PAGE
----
Momentum transport by energy-containing turbulent eddies in the oceanic mixed layer were investigated during high-wind events in the northern Gulf of Alaska off Kayak Island. Sixteen high-wind events with magnitudes ranging from 7 to 22 m s−1 were examined. Winds from the southeast prevailed from one to several days with significant wave heights of 5–9 m and turbulent Langmuir numbers of about 0.2–0.4. Surface buoyancy forcing was much weaker than the wind stress forcing. The water column was well mixed to the bottom depth of about 73 m. Spectral analyses indicate that a major part of the turbulent momentum flux was concentrated on 10–30-min time scales. The ratio of horizontal scale to mixed layer depth was from 2 to 8. Turbulent shear stresses in the mixed layer were horizontally asymmetric. The downwind turbulent stress at 10–20 m below the surface was approximately 40% of the averaged wind stress and was reduced to 5%–10% of the wind stress near the bottom. Turbulent kinetic energy in the crosswind direction was 30% larger than in the downwind direction and an order of magnitude larger than the vertical component. The averaged eddy viscosity between 10- and 30-m depth was ~0.1 m2 s−1, decreased with depth rapidly below 50 m, and was ~5 × 10−3 m2 s−1 at 5 m above the bottom. The divergence of turbulent shear stress accelerated the flow during the early stages of wind events before Coriolis and pressure gradient forces became important.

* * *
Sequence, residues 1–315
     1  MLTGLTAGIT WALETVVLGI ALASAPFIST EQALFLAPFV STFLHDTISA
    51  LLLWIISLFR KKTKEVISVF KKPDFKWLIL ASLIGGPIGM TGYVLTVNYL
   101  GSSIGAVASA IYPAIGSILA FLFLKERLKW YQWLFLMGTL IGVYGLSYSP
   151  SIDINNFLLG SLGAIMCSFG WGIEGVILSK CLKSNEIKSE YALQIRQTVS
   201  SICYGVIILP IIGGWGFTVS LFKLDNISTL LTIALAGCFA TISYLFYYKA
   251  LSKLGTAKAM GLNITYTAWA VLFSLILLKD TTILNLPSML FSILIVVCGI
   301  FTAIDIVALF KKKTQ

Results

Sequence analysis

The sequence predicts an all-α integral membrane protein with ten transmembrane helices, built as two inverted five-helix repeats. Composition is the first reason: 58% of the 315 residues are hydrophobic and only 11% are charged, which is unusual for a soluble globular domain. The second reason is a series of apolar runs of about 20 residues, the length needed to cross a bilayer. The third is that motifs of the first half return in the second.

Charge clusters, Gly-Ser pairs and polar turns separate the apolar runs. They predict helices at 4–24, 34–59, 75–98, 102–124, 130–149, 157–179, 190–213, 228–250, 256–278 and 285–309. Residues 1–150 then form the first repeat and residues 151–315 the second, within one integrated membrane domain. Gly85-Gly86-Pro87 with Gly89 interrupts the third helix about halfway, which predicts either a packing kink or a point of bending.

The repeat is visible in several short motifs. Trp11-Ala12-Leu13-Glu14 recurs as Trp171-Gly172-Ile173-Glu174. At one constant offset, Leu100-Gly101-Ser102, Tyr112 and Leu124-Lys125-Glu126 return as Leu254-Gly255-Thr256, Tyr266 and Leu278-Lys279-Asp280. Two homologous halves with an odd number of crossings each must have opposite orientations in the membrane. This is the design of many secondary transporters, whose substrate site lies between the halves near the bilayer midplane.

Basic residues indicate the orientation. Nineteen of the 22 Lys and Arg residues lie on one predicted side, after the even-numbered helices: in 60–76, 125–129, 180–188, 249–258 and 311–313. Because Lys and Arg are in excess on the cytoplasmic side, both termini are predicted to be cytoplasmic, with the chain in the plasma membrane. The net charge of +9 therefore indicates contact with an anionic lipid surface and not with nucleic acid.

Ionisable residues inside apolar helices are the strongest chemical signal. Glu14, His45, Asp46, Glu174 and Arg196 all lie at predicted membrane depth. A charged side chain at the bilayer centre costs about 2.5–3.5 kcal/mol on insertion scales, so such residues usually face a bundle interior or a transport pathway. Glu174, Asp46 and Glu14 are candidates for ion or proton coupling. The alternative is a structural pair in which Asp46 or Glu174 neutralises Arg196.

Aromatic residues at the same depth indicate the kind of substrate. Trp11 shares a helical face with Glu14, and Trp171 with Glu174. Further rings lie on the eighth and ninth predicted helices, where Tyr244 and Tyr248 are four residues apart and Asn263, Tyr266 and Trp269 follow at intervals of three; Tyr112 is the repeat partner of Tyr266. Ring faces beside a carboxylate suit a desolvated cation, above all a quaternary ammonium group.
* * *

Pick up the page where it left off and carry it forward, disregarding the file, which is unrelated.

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J. Wang
,
M. R. Hjelmfelt
,
W. J. Capehart
, and
R. D. Farley

Abstract